From there, she joined the Yale gallery staff as its first curator of academic affairs in 2004. She held several other positions over the years, before being named acting director in 2016. From there, she became the senior deputy director, chairing the gallery’s senior management team.

But then the opportunity to join WCMA came about and brought with it the ability to work in an “ecosystem of museums,” including Mass MoCA, the Sterling and Francine Clark Art Institute and the Bennington Museum.

“That really appealed to me,” Franks said. “I love collaborating across institutions. There also are so many artists moving into the area. My passion for working with artists was peaked. But mainly, it’s the opportunity to work with the college; to work closely with students and to be at a museum that is a real hub of creativity, inquiry and connections to art across all different disciplines and subject areas that interested me. It’s sort of like all the pieces lined up.”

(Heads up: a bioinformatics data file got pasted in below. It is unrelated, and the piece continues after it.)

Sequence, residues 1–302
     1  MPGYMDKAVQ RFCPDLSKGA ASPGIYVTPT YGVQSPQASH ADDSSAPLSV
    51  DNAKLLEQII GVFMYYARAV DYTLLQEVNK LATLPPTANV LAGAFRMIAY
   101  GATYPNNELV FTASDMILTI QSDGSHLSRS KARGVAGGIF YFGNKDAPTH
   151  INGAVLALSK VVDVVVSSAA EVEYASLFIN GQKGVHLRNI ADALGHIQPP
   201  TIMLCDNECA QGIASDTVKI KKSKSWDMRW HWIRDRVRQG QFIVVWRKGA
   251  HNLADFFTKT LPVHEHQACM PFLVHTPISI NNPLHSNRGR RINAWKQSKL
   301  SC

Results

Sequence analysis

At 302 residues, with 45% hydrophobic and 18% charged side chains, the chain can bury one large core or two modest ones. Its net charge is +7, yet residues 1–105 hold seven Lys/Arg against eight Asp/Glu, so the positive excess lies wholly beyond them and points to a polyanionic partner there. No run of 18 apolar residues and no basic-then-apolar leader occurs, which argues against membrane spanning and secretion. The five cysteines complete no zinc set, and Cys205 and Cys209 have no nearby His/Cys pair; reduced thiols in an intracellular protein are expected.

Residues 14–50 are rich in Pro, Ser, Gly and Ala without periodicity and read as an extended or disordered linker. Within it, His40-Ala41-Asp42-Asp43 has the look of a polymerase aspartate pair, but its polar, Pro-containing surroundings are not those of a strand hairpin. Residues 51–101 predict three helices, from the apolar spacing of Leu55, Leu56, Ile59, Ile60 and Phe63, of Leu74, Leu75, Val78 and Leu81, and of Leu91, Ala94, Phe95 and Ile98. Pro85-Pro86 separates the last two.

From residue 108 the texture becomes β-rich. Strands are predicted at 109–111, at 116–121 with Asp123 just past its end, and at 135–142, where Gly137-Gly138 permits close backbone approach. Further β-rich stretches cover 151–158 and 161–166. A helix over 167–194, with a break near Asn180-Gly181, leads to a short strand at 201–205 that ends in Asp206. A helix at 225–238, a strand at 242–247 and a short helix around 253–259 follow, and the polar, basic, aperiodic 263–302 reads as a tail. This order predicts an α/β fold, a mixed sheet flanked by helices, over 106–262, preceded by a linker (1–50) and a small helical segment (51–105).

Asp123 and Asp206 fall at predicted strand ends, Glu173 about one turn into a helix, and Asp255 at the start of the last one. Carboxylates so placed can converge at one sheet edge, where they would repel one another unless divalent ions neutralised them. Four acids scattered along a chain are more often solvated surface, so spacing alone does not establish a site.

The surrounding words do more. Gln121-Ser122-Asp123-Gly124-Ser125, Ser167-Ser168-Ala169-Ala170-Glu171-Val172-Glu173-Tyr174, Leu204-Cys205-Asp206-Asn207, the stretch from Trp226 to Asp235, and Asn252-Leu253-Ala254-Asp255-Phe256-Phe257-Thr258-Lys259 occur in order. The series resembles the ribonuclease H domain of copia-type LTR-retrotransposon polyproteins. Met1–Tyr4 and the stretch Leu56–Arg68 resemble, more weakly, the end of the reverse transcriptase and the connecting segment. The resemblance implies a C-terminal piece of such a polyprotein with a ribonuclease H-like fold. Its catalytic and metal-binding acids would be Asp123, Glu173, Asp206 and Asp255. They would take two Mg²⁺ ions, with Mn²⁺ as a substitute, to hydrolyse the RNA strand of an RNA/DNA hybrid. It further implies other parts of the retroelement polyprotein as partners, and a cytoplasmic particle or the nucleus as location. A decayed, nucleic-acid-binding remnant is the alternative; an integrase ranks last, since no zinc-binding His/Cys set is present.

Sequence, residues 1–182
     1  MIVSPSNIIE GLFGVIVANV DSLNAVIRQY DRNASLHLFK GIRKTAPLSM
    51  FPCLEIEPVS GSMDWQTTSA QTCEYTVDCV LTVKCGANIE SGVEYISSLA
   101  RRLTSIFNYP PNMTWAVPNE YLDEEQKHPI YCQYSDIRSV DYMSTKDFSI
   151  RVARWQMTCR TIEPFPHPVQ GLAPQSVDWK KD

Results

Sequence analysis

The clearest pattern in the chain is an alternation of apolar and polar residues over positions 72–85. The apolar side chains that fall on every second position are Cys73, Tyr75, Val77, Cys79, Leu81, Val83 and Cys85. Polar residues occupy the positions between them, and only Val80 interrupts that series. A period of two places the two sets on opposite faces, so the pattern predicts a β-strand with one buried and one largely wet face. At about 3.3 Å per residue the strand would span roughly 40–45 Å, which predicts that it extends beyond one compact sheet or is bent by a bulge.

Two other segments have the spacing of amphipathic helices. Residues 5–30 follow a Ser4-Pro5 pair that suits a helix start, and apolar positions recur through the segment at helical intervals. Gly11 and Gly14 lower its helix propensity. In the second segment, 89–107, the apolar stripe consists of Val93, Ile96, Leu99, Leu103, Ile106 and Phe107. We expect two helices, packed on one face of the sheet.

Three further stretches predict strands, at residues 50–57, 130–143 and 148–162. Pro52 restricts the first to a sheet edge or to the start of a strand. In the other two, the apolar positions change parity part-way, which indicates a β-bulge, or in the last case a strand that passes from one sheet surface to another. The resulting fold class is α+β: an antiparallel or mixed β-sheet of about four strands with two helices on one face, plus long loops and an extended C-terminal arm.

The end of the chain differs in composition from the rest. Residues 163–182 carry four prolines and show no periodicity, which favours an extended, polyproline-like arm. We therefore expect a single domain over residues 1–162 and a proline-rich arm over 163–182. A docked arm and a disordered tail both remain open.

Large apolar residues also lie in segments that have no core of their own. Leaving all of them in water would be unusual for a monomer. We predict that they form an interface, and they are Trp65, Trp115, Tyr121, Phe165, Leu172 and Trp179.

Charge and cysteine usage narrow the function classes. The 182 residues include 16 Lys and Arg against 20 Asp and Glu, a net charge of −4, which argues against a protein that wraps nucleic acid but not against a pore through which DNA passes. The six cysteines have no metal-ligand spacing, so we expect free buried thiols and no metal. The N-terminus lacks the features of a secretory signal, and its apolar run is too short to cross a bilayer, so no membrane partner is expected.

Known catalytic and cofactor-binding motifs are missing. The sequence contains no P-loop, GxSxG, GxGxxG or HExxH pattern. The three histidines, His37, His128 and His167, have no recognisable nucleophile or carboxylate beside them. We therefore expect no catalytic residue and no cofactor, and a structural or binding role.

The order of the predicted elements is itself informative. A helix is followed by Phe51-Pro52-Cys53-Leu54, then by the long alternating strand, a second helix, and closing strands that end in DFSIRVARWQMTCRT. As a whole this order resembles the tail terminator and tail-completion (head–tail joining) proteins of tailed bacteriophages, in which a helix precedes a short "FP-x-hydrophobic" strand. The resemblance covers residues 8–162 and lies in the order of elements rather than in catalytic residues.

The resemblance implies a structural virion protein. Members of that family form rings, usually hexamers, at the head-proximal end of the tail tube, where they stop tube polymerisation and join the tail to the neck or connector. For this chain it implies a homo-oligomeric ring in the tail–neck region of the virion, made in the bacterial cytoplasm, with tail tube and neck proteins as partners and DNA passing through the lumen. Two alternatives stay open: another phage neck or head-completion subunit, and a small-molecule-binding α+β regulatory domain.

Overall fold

For the last three months, she said she spent a lot of time getting to know her new colleagues, at the college and at local museums, meeting alumni and donors, and listening to others.

“I think the future is really a matter of planning for what the art museum can be on a liberal arts campus in an arts-rich area for generations to come and laying the groundwork for that, over the next several years, while engaging all our constituents — students, faculty, colleagues from the field, all the art audiences from the area and people who are here at different times of year — in that process of envisioning what museums will be moving forward,” she said. “We know how they contribute in a meaningful way to people’s lives; how the kinds of experiences people have with art — the kinds of learning that happens in a museum setting with art and with other people, thinking about art and talking about art — is a really special thing.”